Brooklyn residents arrested in international lottery fraud scheme
BUFFALO, N.Y.--U.S. Attorney William J. Hochul, Jr., announced today that four men were arrested this morning in Brooklyn, N.Y., and charged by criminal complaint with participating in a fraudulent lottery scheme being operated from Jamaica. The scheme targeted elderly citizens throughout the United States, including two seniors living in Western New York. Under arrest are: Corey Buddle, Orlando Buddle, and Otis Ricketts, all of Brooklyn, and Horace Buddle, of Montego Bay, Jamaica. The defendants are charged with conspiring to commit mail fraud, wire fraud, and money laundering. The charges each carry a maximum penalty of 20 years in prison, and fines up to $500,000.
Special Assistant U.S. Attorney Fauzia K. Mattingly, who is handling the case, stated that according to the complaint, the defendants conspired with others to defraud senior citizens by luring them into believing that they had won millions of dollars in the lottery, as well as a Mercedes Benz in many cases in exchange for fees paid up front. The scheme typically utilized contact by mail, telephone or fax and also involved high pressure tactics and threats to coerce the victims to send money. In one instance, a victim was threatened with legal action possible arrest if she did not make payments to the defendants.
In response to the false claims made by the defendants, victims sent payments of more than $275,000 to a residence in Brooklyn or to designated bank accounts between March 2011 and June 2013. Additional payments of unknown amounts were sent by victims to the same address in Brooklyn. According to the complaint, at least 10 elderly victims were identified by law enforcement officials, and there are believed to be others who have been victimized by this scheme. The victims include an 83 year man from Buffalo and a 71 year old man from Rochester. Some of the funds acquired from victims in the United States were transported to Jamaica, or otherwise transferred out of the country by wire transactions or ATM withdrawals at locations in Jamaica.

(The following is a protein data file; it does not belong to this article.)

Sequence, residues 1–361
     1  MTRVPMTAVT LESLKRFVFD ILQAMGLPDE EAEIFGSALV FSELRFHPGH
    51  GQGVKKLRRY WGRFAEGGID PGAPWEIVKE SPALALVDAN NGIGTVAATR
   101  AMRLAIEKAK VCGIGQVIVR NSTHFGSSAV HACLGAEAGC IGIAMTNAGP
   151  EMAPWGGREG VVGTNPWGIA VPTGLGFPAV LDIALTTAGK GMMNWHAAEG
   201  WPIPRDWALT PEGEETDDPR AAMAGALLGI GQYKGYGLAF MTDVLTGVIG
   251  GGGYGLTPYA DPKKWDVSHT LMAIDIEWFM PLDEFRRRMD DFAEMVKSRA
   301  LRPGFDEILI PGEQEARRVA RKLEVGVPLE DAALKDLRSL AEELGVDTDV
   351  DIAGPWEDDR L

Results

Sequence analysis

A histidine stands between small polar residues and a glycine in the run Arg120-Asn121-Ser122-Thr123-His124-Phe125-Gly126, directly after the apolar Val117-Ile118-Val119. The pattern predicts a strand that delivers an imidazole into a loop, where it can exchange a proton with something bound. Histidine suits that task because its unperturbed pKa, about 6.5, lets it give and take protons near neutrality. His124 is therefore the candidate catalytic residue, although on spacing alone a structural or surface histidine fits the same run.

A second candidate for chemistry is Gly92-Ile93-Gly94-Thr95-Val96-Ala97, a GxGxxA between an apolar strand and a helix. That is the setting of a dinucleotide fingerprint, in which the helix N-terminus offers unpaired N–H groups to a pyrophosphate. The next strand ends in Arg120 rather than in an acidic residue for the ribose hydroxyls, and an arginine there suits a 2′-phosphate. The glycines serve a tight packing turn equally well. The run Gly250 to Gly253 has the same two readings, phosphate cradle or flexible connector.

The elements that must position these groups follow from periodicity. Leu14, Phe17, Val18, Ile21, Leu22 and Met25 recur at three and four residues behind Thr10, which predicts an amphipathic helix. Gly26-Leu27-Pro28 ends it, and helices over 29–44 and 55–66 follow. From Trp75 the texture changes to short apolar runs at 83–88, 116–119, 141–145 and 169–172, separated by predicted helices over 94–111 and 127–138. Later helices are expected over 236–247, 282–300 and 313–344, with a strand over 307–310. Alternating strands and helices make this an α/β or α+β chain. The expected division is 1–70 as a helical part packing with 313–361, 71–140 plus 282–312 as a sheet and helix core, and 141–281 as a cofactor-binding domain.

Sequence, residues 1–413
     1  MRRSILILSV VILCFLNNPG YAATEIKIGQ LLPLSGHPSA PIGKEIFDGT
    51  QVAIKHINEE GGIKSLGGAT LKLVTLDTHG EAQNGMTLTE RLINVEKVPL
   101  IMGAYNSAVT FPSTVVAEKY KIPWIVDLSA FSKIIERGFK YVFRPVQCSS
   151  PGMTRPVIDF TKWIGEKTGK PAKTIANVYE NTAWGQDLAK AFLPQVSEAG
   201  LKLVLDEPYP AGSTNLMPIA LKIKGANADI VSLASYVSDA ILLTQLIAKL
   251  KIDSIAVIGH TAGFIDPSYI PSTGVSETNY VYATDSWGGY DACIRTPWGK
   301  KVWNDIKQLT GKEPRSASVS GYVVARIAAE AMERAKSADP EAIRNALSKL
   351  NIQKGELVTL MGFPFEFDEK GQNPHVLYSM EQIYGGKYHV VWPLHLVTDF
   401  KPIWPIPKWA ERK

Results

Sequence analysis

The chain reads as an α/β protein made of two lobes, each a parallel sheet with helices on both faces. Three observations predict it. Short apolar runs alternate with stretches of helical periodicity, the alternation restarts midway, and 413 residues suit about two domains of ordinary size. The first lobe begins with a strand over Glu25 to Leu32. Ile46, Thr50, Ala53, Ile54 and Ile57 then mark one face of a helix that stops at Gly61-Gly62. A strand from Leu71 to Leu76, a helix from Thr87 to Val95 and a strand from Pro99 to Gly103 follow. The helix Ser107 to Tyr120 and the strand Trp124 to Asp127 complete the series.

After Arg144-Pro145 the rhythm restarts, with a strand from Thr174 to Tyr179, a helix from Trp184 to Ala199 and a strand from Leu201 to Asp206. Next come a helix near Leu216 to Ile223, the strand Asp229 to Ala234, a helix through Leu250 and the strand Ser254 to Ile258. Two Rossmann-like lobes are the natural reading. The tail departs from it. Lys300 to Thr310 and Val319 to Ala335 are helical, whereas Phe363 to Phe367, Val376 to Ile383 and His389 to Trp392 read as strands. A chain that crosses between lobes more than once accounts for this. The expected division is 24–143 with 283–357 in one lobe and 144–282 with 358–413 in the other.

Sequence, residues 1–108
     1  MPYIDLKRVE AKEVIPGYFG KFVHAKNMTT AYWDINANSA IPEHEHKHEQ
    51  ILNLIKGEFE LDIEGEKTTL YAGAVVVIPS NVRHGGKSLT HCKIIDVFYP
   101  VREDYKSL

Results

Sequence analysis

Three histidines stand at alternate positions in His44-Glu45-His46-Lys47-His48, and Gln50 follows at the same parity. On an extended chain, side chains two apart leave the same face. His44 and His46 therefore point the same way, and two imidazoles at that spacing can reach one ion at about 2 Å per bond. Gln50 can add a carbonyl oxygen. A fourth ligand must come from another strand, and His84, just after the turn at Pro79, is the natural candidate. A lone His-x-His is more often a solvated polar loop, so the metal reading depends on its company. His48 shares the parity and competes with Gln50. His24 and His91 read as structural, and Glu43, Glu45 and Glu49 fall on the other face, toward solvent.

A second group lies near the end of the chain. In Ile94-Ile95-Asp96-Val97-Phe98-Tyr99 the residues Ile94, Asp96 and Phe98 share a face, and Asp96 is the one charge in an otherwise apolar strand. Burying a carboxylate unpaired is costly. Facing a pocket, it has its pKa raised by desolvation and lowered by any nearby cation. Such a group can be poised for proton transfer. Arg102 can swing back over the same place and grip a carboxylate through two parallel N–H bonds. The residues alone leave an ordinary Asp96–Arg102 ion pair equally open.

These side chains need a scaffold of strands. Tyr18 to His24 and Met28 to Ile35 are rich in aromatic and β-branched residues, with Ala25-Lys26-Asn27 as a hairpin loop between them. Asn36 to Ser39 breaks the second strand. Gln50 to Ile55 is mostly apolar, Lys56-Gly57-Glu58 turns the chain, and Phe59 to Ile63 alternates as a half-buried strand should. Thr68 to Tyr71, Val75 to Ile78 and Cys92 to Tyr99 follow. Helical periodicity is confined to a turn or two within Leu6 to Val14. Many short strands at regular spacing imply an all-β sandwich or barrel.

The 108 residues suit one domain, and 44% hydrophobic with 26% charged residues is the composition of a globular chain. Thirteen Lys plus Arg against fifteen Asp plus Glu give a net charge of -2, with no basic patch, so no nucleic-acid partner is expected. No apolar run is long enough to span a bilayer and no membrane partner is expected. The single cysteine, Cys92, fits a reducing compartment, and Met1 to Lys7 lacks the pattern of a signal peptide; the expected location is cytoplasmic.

“We often say if it sounds too good to be true it probably is,” said U.S. Attorney Hochul. “In this case, 10 elderly victims were promised millions of dollars and luxury cars in exchange for a fee. If they did not pay up, they were threatened. If you are approached about participating in a lottery and are asked to submit money, you need to think twice. And, if you are ever threatened with legal action or arrest, contact the proper authorities. For more information, go to www.stopfraud.gov.”
The defendants are scheduled to appear today in U.S. District Court in Brooklyn.
The criminal complaint is the result of an investigation on the part of the United States Postal Inspection Service, under the direction of Inspector In Charge Kevin Niland of the Boston Division, and Special Agents of Immigration and Customs Enforcement, Homeland Security Investigations, under the direction of Special Agent in Charge James C. Spero.The fact that a defendant has been charged with a crime is merely an accusation, and the defendants are presumed innocent until and unless proven guilty.